Courts don't terminated parental rights lightly. The child/parent relationship is a biological and emotional bond that we still don't fully understand despite modern science and knowledge, and terminating that relationship comes with a cost that must be carefully weighed. There are some instances where terminating the relationship is required for the safety and well-being of the child.
Courts will terminate parental rights in cases involving child abuse or neglect, but this isn't an automatic assumption. Parents who show remorse and seek treatment or assistance in such matters might retain rights or get rights back. Abuse that could be grounds for termination of parental rights can include sexual or physical abuse or extreme psychological abuse.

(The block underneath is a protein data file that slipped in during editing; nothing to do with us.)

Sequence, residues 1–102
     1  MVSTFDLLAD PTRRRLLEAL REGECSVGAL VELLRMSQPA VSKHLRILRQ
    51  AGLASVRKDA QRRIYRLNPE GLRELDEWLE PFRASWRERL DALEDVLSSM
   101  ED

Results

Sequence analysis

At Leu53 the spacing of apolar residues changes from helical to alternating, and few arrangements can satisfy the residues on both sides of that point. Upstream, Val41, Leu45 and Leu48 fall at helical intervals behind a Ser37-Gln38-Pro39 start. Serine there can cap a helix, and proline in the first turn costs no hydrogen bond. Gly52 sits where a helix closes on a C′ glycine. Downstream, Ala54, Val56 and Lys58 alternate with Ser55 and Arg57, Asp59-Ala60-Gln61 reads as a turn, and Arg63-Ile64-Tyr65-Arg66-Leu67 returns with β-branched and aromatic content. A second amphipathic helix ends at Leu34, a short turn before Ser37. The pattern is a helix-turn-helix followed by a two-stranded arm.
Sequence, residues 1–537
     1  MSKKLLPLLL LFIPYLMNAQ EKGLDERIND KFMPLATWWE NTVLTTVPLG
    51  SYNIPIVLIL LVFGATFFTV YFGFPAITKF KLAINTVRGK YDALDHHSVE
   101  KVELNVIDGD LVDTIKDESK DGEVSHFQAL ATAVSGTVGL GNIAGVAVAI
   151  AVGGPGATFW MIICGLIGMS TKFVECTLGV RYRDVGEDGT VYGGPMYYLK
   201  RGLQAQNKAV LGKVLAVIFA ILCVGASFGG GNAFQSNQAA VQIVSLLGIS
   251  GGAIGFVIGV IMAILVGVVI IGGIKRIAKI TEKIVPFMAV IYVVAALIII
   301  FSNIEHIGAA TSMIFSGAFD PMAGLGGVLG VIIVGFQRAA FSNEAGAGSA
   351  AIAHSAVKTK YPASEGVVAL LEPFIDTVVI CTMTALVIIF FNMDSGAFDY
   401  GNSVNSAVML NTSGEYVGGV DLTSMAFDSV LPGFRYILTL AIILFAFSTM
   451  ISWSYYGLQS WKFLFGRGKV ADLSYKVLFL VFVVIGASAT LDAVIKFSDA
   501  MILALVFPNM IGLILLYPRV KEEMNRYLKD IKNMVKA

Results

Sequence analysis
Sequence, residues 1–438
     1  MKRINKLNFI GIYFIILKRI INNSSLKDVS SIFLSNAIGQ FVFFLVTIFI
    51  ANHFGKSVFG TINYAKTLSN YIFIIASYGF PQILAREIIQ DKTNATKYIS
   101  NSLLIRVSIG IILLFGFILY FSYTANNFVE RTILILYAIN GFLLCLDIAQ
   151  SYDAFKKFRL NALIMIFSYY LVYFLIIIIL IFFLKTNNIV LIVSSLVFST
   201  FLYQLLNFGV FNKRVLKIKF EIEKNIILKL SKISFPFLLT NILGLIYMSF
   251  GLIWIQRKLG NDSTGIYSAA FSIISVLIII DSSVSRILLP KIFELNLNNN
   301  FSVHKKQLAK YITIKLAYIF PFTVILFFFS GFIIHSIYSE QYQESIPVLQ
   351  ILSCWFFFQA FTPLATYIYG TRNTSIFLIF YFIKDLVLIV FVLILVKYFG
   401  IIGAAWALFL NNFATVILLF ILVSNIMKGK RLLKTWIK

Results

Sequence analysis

If a parent has shown over time to be incapable of caring correctly for children, the courts might terminate parental rights. This is especially true if the other parent or a potential guardian files a suit for rights. Alcoholism or drug abuse or mental illness can cause a parent to be unable to provide proper care for children. They are not, however, automatic reasons to terminate rights. You usually have to show that someone has engaged in this activity over a long period of time or has been unable to seek appropriate treatment.
In some cases, if a parent has been convicted of certain felonies and will be in prison too long to provide care for a child, rights might be terminated. The same is true if a child has been in foster case for a certain amount of time.
Whether you are seeking to protect your child by terminating parental rights of another person or you feel your parental rights are under threat, consider getting help from a family law professional. These matters can be scary and complex, and a third-party on your side can be reassuring and helpful.
Source: FindLaw, "Checklist: Grounds for Terminating Parental Rights," accessed Nov. 04, 2016